Hubby and I arrived today at 12:57 - two visitors entering a house containing two uniformed Rangers plus another guy who seemed like he also worked there, but was probably just stopping by on his day off or something. The Ranger set us up to watch the 8 minute film on a large TV, then gave us a personalized guided tour of the building. The building contained a number of portraits and images of Poe, but none I like nearly as well as the one in this post, which was done by Kevin Slattery.
It is not a large house. We were able to tour all four levels - basement, ground floor, first and second floors (Euro-style) or second & third floors if you prefer the U.S. floor numbering system. Anyhoo: the ground floor consisted of a parlor (not large), a staircase, and a kitchen (also not large).
The next floor up contained one large-ish bedroom (probably about in the 10x12 to 12x14 range) containing a fireplace and two closets full of shelves ("shelves in a closet - happy thought!"), and what is now another small room, but would, in Poe's time, have been a landing that was likely a sort of private sitting room for the family. It is believed that the large bedroom was Edgar's, and it is likely that he wrote in that room, it having the best light, and Poe having been known to have written while located in the bedroom of another of his residences.
The top floor contains two equally-sized bedchambers, each with low, partially sloped ceilings. It is believed that Virginia Poe occupied one and her mother the other, separate bedrooms being quite common back in the day, and especially given that by the time they moved to this particular house (their 5th home in Philadelphia in 6 years), Virginia was already suffering from tuberculosis.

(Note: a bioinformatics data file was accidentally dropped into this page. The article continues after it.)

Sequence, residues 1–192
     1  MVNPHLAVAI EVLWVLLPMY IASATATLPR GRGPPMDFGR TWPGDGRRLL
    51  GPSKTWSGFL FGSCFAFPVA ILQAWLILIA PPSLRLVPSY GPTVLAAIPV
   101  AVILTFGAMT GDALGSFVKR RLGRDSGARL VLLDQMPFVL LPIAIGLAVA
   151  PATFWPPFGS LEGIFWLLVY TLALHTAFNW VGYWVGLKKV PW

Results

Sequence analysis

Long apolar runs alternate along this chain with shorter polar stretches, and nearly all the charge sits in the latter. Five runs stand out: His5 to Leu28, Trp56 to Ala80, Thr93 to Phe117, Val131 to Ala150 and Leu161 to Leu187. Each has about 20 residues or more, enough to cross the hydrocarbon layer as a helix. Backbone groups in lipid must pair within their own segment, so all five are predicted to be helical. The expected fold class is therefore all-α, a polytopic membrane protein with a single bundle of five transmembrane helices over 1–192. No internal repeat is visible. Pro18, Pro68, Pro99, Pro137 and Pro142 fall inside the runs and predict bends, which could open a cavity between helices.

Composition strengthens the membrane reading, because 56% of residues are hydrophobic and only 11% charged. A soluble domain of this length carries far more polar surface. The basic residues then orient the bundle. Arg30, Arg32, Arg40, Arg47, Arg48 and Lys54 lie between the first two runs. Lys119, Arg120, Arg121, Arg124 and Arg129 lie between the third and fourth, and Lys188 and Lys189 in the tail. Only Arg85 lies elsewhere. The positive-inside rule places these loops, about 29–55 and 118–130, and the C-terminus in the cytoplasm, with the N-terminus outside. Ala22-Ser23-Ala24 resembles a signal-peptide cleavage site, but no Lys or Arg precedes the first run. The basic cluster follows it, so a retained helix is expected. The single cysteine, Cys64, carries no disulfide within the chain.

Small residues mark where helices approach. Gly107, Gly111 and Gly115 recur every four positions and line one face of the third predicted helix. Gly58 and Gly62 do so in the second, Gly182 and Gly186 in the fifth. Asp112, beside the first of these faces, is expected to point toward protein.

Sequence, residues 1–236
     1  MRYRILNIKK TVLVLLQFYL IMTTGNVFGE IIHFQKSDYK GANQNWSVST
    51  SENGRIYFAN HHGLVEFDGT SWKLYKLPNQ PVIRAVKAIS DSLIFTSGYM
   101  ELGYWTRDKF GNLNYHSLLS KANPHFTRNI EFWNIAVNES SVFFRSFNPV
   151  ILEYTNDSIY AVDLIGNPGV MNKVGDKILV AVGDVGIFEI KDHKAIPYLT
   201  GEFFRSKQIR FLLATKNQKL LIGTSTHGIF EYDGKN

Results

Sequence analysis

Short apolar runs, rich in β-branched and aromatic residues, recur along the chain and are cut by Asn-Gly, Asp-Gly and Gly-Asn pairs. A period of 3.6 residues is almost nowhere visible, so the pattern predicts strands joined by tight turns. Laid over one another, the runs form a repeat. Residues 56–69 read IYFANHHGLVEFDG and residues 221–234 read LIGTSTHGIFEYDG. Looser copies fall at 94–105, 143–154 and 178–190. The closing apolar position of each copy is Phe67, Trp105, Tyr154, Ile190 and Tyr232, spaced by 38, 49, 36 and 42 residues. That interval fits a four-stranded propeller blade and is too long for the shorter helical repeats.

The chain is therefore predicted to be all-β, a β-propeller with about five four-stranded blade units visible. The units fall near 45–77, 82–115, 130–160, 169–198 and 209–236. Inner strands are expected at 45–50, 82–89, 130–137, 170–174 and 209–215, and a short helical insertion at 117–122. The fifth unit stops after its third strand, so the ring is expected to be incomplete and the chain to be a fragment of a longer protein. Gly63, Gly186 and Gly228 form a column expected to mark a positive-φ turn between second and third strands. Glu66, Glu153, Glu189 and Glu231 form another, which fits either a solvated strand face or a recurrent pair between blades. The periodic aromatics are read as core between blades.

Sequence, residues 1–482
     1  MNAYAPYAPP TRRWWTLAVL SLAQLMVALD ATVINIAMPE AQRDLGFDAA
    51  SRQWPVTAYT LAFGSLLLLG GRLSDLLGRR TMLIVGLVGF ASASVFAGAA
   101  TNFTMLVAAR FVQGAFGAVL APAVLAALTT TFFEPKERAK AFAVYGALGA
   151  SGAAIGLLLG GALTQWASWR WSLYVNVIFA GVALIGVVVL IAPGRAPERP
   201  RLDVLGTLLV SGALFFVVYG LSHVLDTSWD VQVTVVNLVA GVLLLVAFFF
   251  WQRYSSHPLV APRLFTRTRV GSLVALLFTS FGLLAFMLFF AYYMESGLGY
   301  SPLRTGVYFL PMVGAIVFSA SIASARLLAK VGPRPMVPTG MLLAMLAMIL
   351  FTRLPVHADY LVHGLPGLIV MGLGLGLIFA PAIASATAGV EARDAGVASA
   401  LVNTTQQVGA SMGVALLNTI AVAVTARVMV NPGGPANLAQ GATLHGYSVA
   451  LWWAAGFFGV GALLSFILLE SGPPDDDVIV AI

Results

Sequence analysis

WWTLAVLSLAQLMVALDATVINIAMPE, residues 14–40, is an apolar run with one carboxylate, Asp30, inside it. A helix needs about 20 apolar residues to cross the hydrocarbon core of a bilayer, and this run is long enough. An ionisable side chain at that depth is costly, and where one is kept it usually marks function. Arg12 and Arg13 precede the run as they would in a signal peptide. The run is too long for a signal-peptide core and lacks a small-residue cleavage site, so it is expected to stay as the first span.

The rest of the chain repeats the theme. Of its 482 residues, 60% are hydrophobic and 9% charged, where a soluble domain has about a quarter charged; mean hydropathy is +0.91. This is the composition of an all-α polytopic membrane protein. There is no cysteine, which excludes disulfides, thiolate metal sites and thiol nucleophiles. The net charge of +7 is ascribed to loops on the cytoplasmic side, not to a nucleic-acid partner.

The basement has a brick floor (at least half of which is contemporaneous with construction of the house - the other half may originally have been dirt), a low ceiling, and a partially open false chimney much like the basement and false chimney featured in Poe's tale, "The Black Cat", which is known to have been written while he lived in this house.
There is not a single thing that belonged to Poe in the house, although in the museum section, located in a room that was part of the neighboring house now co-opted for Park uses, there are two literary magazines containing Poe stories. There's also a "reading room", furnished in accordance with an essay Poe once wrote on how rooms ought to be furnished, where you can sit on the damask-covered furniture and read from the books on the shelves, including the complete works of Poe as well as some of his contemporaries, including Nathaniel Hawthorne, Charles Dickens, Ralph Waldo Emerson, and Henry David Thoreau. Or, if you prefer, you can listen to someone reading you the works on CD. It's really a lovely idea, and possibly my favorite part of this particular museum/park building.
Things that were fascinating (to me):
1. This was the largest house the Poes ever lived in (Edgar, wife Virginia, and mother-in-law Muddie). And it's not large, as I've already stated.
2. Poe received a rejection letter for a poem called "The Raven" while he lived at this address. It's unknown whether it's the same version of the poem that eventually brought him so very much fame, which was not published until after the Poes had relocated to New York City. I suspect it was either the same or an earlier draft of the same poem - odds of him having written two poems on the same topic seem slim.
3. The highly knowledgeable Park Ranger told us that it's believed that Charles Dickens's pet raven might have been the impetus for the poem in the first instance. Poe met Dickens at the U.S. Hotel in Philadelphia when Dickens toured the United States.